Plant Stake: A specific type of tag used to identify a potted plant. Plant stakes are usually produced from rigid plastic and inserted into the soil.

Plant Table: A table or platform either made for or adapted to growing plants. Plant tables are often fitted with drains, capillary matting and other features to make cultivation easier. Plant tables do not always have legs. Many, such as those used by commercial growers, move along a system of conveyer-like rollers so that the tables can be rotated. Plant tables are often very large, holding hundreds of plants on a single one.

Plant Tray: A shallow tray, often made of rigid plastic. Plant trays are typically used for rooting leaf cuttings.

Plant Type: With regard to African Violets, refers to the type of plant being described, i.e., miniature, super miniature, semi-miniature, standard, single-crown or trailer. Also see Growth Habit.

Plantlet: Sometimes called a baby. A small, baby plant which emerges from a leaf cutting or peduncle cutting. A plantlet which emerges from a seed is called a seedling. Also see Rooted Clump.

Plug: Also called starter. A term most often used by commercial growers to refer to a plantlet which has been separated from the mother leaf and other plantlets, and has been placed with potting soil into a plug tray. Once in the plug tray, it will remain a plug until transferred to the pot in which it will ultimately be finished.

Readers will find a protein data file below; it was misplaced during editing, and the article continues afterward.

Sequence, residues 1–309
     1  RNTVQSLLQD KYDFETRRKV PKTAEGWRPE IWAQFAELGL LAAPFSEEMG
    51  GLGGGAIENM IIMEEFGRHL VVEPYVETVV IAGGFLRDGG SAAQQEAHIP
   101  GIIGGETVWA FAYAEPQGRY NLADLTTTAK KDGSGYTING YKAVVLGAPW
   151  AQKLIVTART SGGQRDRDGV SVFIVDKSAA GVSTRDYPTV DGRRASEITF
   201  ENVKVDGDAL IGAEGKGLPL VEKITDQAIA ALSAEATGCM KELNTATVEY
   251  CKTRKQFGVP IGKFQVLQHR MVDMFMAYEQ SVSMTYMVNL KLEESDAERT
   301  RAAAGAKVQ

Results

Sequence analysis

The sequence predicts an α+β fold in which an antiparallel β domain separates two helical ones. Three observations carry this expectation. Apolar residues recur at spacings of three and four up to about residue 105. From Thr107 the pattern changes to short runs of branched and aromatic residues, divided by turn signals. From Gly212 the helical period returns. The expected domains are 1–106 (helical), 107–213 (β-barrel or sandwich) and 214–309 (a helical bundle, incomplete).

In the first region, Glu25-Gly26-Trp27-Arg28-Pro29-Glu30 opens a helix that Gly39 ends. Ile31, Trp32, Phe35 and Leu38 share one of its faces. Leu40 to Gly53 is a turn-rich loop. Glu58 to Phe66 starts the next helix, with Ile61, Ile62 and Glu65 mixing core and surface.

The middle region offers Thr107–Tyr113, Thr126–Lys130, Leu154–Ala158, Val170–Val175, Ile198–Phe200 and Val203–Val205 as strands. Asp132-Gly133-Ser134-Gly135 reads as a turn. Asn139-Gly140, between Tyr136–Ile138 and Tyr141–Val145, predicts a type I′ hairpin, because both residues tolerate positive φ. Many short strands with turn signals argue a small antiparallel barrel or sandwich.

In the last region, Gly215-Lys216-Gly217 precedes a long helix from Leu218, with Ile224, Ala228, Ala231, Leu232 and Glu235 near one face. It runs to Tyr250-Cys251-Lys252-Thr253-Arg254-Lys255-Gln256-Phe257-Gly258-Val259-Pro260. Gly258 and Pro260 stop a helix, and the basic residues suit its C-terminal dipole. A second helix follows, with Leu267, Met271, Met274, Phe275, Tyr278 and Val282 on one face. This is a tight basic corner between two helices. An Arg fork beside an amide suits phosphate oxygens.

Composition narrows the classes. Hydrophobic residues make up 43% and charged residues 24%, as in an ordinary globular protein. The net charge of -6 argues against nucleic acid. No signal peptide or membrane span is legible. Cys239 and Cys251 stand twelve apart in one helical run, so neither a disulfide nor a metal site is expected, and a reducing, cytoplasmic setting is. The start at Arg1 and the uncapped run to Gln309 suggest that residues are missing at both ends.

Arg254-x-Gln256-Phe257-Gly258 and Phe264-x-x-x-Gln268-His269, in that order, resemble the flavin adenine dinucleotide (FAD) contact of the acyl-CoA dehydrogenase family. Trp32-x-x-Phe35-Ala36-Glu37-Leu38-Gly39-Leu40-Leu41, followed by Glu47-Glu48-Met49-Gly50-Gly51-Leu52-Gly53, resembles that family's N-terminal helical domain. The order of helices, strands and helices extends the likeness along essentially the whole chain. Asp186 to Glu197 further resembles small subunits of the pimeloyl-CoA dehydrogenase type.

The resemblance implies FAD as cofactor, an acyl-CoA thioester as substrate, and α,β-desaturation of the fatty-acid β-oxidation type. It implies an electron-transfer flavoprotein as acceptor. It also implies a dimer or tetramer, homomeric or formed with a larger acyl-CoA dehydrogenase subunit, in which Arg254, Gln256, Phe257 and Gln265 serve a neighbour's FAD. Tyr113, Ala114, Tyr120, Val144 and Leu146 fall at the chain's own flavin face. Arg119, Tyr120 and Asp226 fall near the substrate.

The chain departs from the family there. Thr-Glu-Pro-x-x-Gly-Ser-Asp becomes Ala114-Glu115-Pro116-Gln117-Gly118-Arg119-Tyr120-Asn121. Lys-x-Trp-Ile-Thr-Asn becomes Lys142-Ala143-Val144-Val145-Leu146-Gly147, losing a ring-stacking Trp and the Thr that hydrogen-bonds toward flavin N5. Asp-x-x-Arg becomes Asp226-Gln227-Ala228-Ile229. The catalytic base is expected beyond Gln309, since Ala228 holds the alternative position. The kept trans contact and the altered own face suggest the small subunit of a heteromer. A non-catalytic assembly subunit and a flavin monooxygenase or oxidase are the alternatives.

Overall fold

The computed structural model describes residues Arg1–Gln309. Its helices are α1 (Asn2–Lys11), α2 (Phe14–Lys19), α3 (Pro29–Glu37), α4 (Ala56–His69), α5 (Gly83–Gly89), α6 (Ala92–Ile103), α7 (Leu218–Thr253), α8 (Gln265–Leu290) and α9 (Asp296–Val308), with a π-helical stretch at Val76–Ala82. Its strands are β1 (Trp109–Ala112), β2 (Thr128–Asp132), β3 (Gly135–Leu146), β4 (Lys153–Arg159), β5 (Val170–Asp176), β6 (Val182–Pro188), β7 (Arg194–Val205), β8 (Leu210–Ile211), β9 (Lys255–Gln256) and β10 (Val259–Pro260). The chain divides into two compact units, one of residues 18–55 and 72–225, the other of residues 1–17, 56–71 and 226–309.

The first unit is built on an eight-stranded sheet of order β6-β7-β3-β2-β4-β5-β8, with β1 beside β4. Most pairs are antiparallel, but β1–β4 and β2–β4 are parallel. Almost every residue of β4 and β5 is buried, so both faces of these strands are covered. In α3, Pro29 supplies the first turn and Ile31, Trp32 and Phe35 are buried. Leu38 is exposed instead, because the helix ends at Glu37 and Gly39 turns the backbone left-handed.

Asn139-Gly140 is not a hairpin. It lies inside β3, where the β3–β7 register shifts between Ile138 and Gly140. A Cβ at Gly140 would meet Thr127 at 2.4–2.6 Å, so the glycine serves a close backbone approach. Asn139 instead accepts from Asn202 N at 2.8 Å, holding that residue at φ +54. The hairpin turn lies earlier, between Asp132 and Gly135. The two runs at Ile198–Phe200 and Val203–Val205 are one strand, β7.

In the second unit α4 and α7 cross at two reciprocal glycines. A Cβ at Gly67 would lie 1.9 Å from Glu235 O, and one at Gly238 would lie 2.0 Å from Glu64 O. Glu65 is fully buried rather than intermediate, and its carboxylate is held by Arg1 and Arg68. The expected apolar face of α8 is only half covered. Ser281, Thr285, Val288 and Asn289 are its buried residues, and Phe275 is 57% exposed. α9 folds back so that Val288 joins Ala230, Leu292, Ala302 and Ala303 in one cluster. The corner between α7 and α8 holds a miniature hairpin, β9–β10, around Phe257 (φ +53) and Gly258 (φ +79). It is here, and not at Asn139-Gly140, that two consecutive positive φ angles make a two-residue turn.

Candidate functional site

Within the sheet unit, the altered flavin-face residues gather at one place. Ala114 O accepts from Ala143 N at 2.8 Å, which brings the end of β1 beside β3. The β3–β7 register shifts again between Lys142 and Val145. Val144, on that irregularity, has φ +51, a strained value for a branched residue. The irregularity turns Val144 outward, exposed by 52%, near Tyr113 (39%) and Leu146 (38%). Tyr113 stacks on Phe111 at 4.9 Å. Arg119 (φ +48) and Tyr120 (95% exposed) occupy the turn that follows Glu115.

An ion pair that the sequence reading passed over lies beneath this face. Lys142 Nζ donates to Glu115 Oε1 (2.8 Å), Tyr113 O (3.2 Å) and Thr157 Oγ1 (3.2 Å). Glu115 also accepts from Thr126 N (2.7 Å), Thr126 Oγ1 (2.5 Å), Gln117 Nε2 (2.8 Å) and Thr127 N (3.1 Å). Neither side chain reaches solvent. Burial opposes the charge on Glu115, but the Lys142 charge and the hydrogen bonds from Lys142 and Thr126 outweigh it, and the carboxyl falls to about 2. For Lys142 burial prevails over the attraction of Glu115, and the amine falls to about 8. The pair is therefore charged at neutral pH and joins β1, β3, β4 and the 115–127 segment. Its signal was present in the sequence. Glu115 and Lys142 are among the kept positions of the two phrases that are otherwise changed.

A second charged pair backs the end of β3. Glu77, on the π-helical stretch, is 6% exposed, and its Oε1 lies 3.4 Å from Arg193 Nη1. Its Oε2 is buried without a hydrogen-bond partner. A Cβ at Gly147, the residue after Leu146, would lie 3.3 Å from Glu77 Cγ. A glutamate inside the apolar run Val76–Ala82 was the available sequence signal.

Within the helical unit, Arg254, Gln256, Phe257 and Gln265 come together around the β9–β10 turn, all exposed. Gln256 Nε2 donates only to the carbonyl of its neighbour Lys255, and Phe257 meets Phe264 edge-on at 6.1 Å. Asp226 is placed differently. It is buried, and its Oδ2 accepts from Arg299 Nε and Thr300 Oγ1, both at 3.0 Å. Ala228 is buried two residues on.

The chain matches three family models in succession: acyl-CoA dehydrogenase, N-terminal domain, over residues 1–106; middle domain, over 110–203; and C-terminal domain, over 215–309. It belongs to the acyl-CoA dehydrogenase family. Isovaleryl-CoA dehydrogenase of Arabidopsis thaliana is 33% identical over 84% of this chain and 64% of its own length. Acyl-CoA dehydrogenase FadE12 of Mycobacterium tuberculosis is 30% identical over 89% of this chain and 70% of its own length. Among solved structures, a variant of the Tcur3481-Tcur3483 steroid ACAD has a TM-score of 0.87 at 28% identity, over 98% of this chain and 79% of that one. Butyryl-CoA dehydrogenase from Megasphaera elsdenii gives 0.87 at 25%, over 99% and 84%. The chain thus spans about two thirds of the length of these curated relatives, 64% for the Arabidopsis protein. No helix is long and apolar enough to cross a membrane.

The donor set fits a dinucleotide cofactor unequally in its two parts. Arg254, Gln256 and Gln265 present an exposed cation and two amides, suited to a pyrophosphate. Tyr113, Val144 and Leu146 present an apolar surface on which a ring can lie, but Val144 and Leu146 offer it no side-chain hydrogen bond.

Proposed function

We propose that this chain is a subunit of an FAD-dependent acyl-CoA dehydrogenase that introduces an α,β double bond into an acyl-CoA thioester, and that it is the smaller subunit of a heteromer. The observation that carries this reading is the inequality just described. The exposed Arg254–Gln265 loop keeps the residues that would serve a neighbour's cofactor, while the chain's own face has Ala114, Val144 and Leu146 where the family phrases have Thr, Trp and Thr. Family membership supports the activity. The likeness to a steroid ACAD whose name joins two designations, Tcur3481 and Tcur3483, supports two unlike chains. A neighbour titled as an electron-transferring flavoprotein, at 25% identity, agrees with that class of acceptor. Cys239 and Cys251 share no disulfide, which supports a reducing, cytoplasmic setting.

Plug Tray: Tray, usually made of rigid plastic, designed to hold plugs. The plug tray has several cavities situated in rows. Each of these cavities, which is about 1 to 1-1/2 inches wide, acts as sort of interim pot for African Violet plantlets after they have been separated from the mother leaf. Plugs will remain in this tray until they are transferred to a pot.

Pod: Seed pod. See Pericarp.

Pointed: Leaf type. Describes an African Violet leaf which is pointed at the end. Variations of a pointed leaf include heart-shaped and longifolia.

Polka: Optimara variety belonging to the Little Dancer series. Compact African Violet (3-inch pot size) with frilled, lilac flowers and dark green leaves. Introduced 1997. More information.

Pollen: On African Violets, the light yellow, powdery substance which is produced in the anthers and which fertilizes the ovules to make seeds.

Pollen Grain: A single particle of pollen.

Pollen Plant: Particularly in regard to hybrids, the parent plant which provides the pollen.

Pollen Sac: See Anther.

Pollination: Process whereby pollen is transferred from the anthers to the stigma. If the pollen unites with the ovules, the process would complete fertilization, and seeds would begin to grow. Also see Cross-Pollination, Open-Pollination and Self-Pollination.

Polycarpic: Describes any plant which grows and flowers perennially. African Violets are polycarpic.

Polyphagotarsonemus latus: Broad Mites, tiny arachnids known to feed on African Violets.

Porosity: With regard to the cultivation of African Violets and other plants, a term referring to how porous a potting soil is. The porosity of potting soil is an indication of how well it will drain and aerate. Potting soils for African Violets should be very porous.